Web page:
GUATEMALA A shelter for Rafael

 Guatemala
 Emergency Response
 14th Nov 2012

by Manuel Perechú, CARE Guatemala

“I’ve been living by myself for 35 years now. My four sisters and four brothers don’t remember me. I am all by myself.” Rafael Bernardo Fuentes Orozco is 72 years old and lives in San Cristóbal Cucho in the department of San Marcos, Guatemala. In the morning of November 7th, Rafael left his home looking for a day job to earn some money to buy food. When he started working in the fields, suddenly the earth shook. His thoughts were racing: What had happened to his house?

Rafael immediately rushed back home and found his house completely destroyed. A wave of pain and sadness went through his body. He had nowhere to live, nowhere to prepare his food. A few seconds had destroyed everything that Rafael had possessed.

The earthquake on November 7th hit off the coast of Champerico in the Southwest of Guatemala with a strength of 7.2 on the Richter scale. Until today, 95 aftershocks have been registered. The death toll stands at 43 people, 180 have been injured. A total of 3,064 buildings are destroyed or severely damaged. CARE has been working in Guatemala since 1959 and focuses its development work on social services, livelihoods, supporting citizenship and emergencies. When the earthquake hit, a team was immediately sent to the affected areas to collect information on the needs of the affected communities. Food, water and fuel are major concerns. But in the mountainous region of San Marcos, where the temperature often drops below ten degrees Celsius, the communities also need blankets to keep warm.

Today, Rafael walks from door to door, looking for shelter. In a poor community with no social infrastructure for the homeless, the neighbors’ solidarity is his only hope. And the sense of community in San Cristóbal Cucho is strong: Neighbors are kind enough to offer him a place to rest his head. “At my age, I cannot find a regular job anymore, because I suffer from rheumatism and arthritis. So I work as a daily laborer, and I earn 20 Quetzales (around 2.50 USD) for the day. This is barely enough to buy food”, tells Rafael. Humanitarian disasters always affect the poorest of the poor in the most brutal way: They lose what little they have and are rarely able to compensate their losses without external support. “What I really need now is food and shelter. I don’t have anywhere to live and to put my troubled mind at ease. The neighbors said they would help me rebuild my home if I could provide the materials.” But so far, no decision has been taken by the local authorities on how to support Rafael and other people like him who have lost everything in the earthquake.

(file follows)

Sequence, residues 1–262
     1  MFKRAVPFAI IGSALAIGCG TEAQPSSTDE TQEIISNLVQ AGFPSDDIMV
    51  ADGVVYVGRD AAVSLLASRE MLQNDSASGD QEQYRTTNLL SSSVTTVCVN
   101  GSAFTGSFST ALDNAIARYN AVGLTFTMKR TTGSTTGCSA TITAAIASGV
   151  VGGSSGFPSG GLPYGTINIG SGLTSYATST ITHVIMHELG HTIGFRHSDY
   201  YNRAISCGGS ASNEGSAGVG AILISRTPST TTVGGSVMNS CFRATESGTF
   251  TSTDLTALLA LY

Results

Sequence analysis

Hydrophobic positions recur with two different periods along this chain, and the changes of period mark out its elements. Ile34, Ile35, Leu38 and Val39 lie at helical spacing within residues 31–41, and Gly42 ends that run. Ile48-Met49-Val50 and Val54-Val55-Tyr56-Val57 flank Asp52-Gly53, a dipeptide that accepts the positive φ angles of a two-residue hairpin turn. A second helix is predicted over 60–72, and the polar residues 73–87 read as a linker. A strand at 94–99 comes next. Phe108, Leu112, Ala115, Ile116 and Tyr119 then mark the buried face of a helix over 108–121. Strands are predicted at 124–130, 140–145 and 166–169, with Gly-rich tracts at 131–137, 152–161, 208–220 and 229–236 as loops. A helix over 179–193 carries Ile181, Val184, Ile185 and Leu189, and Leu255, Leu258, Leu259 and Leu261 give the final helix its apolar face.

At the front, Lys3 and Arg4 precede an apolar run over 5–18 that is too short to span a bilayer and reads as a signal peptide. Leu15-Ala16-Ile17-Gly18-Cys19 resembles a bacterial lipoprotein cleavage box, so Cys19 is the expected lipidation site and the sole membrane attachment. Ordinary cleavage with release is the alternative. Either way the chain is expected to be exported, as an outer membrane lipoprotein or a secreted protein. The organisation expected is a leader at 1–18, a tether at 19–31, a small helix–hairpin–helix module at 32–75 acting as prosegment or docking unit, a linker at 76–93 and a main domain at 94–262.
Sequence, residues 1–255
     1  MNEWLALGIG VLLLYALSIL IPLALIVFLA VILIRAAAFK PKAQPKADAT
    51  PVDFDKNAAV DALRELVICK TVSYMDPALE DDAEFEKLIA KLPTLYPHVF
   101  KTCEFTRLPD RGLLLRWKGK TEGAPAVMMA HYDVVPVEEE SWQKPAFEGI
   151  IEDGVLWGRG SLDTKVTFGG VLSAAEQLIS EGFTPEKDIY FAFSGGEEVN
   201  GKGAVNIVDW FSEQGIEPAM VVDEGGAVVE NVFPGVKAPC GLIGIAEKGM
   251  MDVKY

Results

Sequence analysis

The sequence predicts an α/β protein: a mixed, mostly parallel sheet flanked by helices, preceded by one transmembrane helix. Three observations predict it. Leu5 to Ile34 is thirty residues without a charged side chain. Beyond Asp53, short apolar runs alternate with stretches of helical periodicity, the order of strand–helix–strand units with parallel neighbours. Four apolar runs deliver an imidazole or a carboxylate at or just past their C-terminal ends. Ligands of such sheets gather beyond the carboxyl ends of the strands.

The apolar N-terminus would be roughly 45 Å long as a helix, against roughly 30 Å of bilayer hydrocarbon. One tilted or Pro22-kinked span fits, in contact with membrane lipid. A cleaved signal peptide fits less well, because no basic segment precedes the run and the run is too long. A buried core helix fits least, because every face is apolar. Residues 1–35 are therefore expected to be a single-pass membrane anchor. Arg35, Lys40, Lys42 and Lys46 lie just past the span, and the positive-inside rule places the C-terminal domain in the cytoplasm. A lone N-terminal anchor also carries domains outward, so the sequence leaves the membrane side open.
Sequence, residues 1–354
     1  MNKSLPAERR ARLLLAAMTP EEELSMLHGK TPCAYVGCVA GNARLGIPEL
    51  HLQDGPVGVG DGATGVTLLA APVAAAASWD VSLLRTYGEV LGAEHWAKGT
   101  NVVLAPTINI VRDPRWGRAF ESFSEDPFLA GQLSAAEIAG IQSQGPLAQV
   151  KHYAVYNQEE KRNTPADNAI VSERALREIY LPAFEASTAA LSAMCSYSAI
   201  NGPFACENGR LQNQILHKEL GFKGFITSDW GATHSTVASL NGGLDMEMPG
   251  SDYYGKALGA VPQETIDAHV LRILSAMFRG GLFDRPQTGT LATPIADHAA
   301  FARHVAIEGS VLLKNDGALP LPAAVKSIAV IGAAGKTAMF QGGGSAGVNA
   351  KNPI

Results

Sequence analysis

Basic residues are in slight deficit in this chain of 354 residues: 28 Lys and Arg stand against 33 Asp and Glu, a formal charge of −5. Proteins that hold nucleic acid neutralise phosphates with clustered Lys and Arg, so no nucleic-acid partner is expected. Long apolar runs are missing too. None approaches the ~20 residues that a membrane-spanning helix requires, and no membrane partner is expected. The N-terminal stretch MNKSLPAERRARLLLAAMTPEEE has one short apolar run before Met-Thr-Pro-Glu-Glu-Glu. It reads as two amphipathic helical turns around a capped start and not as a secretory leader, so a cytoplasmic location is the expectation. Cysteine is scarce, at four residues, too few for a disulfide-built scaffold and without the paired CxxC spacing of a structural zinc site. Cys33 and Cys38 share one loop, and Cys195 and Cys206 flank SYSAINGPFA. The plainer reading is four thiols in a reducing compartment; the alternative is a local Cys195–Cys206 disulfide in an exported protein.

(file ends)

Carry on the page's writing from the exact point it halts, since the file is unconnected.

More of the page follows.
A deadly landslide

Meanwhile, in the town of Santa Teresa, the deputy mayor had sad news to report. On a nearby field, the earthquake caused a landslide that covered over 13 hectares, burying two coffee farmers. When neighbors heard the cries of 50-year old Margarito and 32- year old Ariel, they were able to localize and rescue them. The two were taken to their homes on improvised stretchers, suffering great pain. Three hours later, they passed away. Margarito’s and Ariel’s families, ten people in total, have not received any support so far. The funeral costs were covered with the help of neighbors. Both families need food and clean water, because a landslide has also destroyed their farmhouses’ piped water system. Families like those of Margarito and Ariel, who live and work on hillsides, are particularly vulnerable to landslides. With no resources to prepare for a disaster, they are left with nothing.

CARE is scaling up its emergency response to reach remote-lying areas in San Marcos and make sure that people receive support to recover from the disaster. CARE closely coordinates with the local authorities, the United Nations and other humanitarian actors to ensure access to all affected communities. In the long run, CARE works to address the underlying causes of the communities’ vulnerability to disasters: chronic poverty, lack of infrastructure, food security and nutrition, gender disparities and insufficient means and knowledge to prepare for a day such as November 7th.

About CARE in Guatemala: CARE began work in Guatemala in 1959, distributing school lunches to more than 20,000 students in Guatemala City. In the 1960’s and 1970’s, CARE provided materials for building schools and supported community groups to improve health conditions and education of children in rural areas. CARE developed clean water and basic sanitation projects, started distributing supplementary food to children and lactating women, and promoted the use of services of primary health care. The 1976 earthquake marked a major transition in CARE´s work, focusing on rescue and reconstruction in the affected areas. Today, CARE operates projects in water and sanitation, agriculture, agroforestry, primary health care, population, girl's education and small economic activity development. Women and girls are at the center of CARE Guatemala’s work to combat poverty and injustices.

About CARE: Founded in 1945, CARE is a leading humanitarian organization fighting global poverty. CARE has more than six decades of experience helping people prepare for disasters, providing lifesaving assistance when a crisis hits, and helping communities recover after the emergency has passed. CARE places special focus on women and children, who are often disproportionately affected by disasters. To learn more, visit www.care-international.org. Learn more about CARE's work in emergencies here.

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